Homewares firm Dunelm sees profits fall as costs bite, but forecasts return to growth
The retail chain reported a 9.4 per cent drop in pre-tax profits to £192.7m for the year to July 1, down 7.8 per cent on a pro-forma 52-week basis despite total sales lifting 5.5 per cent on a 52-week basis to a record £1.6bn.
The group said the profits fall reflected “tight control of margin amidst inflation in our operating costs and our ongoing commitment to investment for the future”.
Consumer behaviour remains “unpredictable”, according to the firm, but it said it was pleased with trading so far in the new year and forecast growth in sales and pre-tax profits over 2023-24.
Dunelm said: “Consumers are still responding to their own cost-of-living pressures and there remains uncertainty as to what this means for discretionary spend.
“Against this backdrop we remain focused on our proposition and ensuring our customer offer is as relevant as ever.”
It said growth over the year ahead would be driven by higher sales by volume, while costs have also started easing, particularly for shipping.
Dunelm said it had cut prices for shoppers as its own costs fell, with its “value proposition resonating well” with cash-strapped consumers.
Nick Wilkinson, chief executive of Dunelm, said: “In a period of extensive economic uncertainty, we have maintained our focus on enhancing our customer proposition, expanding our offer whilst staying fully committed to value and making every pound count.”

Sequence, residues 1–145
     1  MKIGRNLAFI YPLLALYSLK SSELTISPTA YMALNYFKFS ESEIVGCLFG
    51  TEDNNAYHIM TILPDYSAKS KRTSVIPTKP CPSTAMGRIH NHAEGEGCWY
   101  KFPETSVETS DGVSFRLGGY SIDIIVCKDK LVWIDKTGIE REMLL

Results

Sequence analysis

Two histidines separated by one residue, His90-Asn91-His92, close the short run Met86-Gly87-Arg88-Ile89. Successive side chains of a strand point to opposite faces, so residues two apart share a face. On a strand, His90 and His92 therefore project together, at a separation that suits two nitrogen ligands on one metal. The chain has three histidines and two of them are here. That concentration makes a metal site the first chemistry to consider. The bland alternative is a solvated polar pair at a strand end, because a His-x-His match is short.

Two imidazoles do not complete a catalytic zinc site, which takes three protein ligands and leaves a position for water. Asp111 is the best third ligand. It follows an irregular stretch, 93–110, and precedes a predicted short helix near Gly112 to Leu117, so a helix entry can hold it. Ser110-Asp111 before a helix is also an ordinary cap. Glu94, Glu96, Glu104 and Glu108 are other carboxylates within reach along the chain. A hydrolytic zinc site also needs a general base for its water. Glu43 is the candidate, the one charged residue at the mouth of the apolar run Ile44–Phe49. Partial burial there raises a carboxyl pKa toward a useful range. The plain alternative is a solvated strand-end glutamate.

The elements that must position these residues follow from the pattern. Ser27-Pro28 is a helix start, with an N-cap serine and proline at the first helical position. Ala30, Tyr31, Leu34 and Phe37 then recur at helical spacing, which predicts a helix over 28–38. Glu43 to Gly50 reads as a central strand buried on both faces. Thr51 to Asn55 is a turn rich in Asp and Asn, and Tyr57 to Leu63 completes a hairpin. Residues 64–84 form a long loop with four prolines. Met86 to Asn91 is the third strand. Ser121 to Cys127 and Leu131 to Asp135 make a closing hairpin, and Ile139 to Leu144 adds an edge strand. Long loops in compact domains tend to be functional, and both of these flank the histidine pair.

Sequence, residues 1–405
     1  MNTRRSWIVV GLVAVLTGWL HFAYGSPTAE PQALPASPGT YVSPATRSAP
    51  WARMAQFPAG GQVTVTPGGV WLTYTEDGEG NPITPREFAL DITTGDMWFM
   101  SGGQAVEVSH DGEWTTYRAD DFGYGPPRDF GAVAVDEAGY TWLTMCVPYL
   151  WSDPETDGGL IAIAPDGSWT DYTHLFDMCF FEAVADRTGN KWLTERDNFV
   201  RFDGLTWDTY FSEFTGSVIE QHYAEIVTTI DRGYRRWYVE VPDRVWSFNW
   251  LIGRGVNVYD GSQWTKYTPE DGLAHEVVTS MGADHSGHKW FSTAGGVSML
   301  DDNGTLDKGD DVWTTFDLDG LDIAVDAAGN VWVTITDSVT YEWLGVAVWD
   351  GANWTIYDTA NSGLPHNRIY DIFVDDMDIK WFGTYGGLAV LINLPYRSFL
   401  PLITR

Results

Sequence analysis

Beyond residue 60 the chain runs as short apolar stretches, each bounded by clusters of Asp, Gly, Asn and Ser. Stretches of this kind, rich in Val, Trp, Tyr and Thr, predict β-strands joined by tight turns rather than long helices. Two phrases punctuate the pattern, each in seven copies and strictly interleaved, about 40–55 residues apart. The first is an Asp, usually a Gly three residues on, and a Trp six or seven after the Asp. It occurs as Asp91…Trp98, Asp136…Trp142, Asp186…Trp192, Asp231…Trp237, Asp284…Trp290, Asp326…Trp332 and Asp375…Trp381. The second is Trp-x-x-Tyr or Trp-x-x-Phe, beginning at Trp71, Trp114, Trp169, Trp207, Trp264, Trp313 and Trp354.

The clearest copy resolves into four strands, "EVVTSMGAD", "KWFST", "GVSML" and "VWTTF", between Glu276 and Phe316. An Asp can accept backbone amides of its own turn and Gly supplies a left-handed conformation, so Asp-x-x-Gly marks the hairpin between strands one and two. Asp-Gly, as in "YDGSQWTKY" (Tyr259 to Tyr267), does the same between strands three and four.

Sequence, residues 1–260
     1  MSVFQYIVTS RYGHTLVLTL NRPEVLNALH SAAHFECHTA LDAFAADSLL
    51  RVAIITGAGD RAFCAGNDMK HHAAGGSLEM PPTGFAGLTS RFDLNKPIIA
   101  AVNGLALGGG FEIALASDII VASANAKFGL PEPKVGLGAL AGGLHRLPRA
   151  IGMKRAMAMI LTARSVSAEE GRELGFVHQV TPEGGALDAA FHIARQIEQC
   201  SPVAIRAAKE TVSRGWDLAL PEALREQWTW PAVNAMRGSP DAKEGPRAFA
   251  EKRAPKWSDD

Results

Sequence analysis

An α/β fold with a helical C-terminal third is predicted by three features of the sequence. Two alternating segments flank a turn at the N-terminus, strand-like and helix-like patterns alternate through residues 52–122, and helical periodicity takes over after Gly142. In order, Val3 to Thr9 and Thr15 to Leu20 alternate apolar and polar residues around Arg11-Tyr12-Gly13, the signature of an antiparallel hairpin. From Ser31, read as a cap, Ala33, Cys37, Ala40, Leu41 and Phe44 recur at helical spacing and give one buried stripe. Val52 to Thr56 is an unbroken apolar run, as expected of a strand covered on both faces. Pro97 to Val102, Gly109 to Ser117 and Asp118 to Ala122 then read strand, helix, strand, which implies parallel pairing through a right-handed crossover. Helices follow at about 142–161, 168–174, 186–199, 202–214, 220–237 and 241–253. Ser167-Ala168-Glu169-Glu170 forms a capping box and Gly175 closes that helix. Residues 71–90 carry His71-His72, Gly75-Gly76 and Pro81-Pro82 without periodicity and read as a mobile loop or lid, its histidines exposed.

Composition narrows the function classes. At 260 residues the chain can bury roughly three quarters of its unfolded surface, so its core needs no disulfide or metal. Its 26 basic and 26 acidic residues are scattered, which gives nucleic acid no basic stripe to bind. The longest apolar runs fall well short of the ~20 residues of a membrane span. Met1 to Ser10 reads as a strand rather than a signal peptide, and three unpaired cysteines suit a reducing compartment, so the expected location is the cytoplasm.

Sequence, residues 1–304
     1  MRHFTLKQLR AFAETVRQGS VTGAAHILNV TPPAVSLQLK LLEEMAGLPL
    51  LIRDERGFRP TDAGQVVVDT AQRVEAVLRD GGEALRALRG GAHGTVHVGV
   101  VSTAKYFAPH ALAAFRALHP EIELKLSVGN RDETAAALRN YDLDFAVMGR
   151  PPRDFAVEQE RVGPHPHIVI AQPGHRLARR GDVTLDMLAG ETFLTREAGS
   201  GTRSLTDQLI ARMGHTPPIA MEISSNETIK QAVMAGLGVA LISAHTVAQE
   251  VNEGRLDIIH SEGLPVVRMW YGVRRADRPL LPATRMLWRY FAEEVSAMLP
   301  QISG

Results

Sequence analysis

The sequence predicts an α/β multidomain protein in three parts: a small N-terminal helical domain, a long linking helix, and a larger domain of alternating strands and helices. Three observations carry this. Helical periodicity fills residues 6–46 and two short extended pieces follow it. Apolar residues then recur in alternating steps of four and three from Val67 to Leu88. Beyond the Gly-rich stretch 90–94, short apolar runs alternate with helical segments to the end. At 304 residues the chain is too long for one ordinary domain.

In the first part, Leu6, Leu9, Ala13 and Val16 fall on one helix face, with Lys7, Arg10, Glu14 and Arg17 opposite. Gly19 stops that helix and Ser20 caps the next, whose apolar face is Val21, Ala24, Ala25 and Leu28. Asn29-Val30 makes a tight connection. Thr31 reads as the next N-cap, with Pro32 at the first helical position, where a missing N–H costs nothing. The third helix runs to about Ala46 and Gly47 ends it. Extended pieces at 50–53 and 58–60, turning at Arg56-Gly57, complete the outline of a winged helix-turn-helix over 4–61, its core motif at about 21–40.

He said the group would continue to invest “where we see good returns, so that we can seize the various opportunities ahead”.
“As we manage the ongoing challenges, it is crucial that we do not lose sight of our longer-term ambitions,” he added.
Half-year results from the retailer showed sales lifted 6.1 per cent in the final quarter, matching growth in the previous three months.
Dunelm was founded in 1979 as a market stall business, selling ready-made curtains.
It opened its first shop in Leicester in 1984 and now has around 170 stores nationwide.
Earlier this week, it was revealed that B&Q owner Kingfisher had cut its full-year earnings outlook after profits dropped by a third, with wet weather and low consumer confidence dampening sales in Europe.
The retail giant told investors its statutory pre-tax profit fell to £317m from £474m in the half-year to the end of July.
UK customers appear to be holding up better than those in France, where sentiment is historically low, Kingfisher’s chief executive Thierry Garnier said.
Speaking earlier this week, he said: “Overall, I think the consumer in the UK is relatively healthy.”
Higher savings, a low unemployment rate, and fewer housing transactions could all be factors impacting consumer demand.
Kingfisher said it was planning to more proactively manage costs in the second half of the year, which could involve reducing temporary staff numbers and overtime and slowing the pace of store openings in some regions.